Late that August, in the Sentinel’s announcement that it was organizing a candidate’s forum in which both Whitlock and Dow had agreed to participate, the paper “fixed” the error by identifying Whitlock as a write-in candidate instead of as the official Democratic nominee. Write-in candidates are often perceived to have no chances of winning. Again the requested correction was not immediately forthcoming.

In late October of 2020, publisher Luna refused to run a paid advertisement that the Whitlock campaign wished to run in the Sentinel. The ad was “super critical of Dow,” according to Whitlock campaign manager Rick Lass, who received an email from Luna, advising: “This ad has known misfacts and is inaccurate on several issues. On the newspaper side, I can make sure the information is correct and verifiable before we publish something—I will not run this ad.”

Although it denied Fenn his rightful editorial coverage today, the Sentinel was willing to accept his paid advertising. In fact, when Luna personally sent out the questionnaire and instructions for its completion and submission to local candidates, including Fenn, she attached a copy of the Sentinel’s paid advertising rates for their convenience.Fenn's candidates questionnaire, p 1

Fenn's candidates questionnaire, p 2

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Understanding New Mexico's proposed new social studies standards for K-12 students

“The primary purpose of social studies is to help young people develop the ability to make informed and reasoned decisions for the public good as citizens of a culturally diverse, democratic society in an interdependent world.”
—National Council for the Social Studies 

Reader Michael L. Hayes of Las Cruces commented: What impresses me is that both the proposed standards and some of the criticisms of them are equally grotesque. I make this bold statement on the basis of my experience as a peripatetic high school and college English teacher for 45 years in many states with many students differing in race, religion, gender and socioeconomic background, and as a civic activist (PTA) in public education (My career, however, was as an independent consultant mainly in defense, energy and the environment.)

The proposed social studies standards are conceptually and instructionally flawed. For starters, a “performance standard” is not a standard at all; it is a task. Asking someone to explain something is not unlike asking someone to water the lawn. Nothing measures the performance, but without a measure, there is no standard. The teacher’s subjective judgment will be all that matters, and almost anything will count as satisfying a “performance standard,” even just trying. Students will be left to wonder “what is on the teacher’s mind?” or “have I sucked up enough.”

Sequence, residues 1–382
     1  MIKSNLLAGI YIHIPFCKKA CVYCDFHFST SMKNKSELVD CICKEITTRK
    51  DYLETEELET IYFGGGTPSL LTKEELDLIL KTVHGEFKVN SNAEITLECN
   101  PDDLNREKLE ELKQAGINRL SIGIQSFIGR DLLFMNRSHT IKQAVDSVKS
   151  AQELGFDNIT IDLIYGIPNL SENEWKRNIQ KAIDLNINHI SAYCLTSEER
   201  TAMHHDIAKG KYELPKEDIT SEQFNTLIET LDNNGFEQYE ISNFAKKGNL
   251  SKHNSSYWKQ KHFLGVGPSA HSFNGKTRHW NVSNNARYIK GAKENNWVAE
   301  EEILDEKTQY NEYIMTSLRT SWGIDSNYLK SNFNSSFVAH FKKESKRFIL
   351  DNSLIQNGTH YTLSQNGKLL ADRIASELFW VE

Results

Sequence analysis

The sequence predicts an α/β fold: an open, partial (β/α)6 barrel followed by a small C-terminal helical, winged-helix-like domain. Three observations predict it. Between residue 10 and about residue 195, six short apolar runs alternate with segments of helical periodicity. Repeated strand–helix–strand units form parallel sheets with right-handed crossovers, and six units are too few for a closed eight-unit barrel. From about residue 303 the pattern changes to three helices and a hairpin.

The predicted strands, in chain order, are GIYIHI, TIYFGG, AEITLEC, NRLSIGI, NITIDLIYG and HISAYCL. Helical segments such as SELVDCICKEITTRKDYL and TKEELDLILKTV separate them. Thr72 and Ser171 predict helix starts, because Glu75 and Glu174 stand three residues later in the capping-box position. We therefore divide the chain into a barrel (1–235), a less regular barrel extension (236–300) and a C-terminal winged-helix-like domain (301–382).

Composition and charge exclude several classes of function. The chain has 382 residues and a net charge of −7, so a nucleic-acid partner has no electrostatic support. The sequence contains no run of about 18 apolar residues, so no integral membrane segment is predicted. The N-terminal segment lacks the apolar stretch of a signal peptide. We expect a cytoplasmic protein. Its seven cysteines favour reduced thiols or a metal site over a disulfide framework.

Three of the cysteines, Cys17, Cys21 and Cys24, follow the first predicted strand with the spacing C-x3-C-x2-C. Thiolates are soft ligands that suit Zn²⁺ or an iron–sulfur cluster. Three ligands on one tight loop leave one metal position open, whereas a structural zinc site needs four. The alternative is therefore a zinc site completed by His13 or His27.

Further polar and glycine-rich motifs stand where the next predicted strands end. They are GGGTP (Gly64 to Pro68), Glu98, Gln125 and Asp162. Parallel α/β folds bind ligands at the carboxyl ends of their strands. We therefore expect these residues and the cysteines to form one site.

Four other quick criticisms of the performance standards. One, they are nearly unintelligible because they are written in jargon. PED’s use of jargon in a document intended for the public is worrisome. Bureaucrats often use jargon to confuse or conceal something uninformed, wrong or unworthy. As a result, most parents, some school board members and more than a few teachers do not understand them.

Two, the performance standards are so vague that they fail to define the education which teachers are supposed to teach, students are supposed to learn, and parents are supposed to understand. PED does not define words like “explain” or “describe” so that teachers can apply “standards” consistently and fairly. The standards do not indicate what teachers are supposed to know in order to teach or specify what students are supposed to learn. Supervisors cannot know whether teachers are teaching social studies well or poorly. The standards are so vague that the public, especially parents or guardians, cannot know the content of public education.

Three, many performance standards are simply unrealistic, especially at grade level. Under “Ethnic, Cultural and Identity Performance Standards”; then under “Diversity and Identity”; then under “Kindergarten,” one such standard is: “Identify how their family does things both the same as and different from how other people do things.” Do six-year-olds know how other people do things? Do they know whether these things are relevant to diversity and identity? Or another standard: “Describe their family history, culture, and past to current contributions of people in their main identity groups.” (A proficient writer would have hyphenated the compound adjective to avoid confusing the reader.) Do six-year-olds know so much about these things in relation to their “identity group”? Since teachers obviously do not teach them about these other people and have not taught them about these groups, why are these and similar items in the curriculum; or do teachers assign them to go home and collect this information?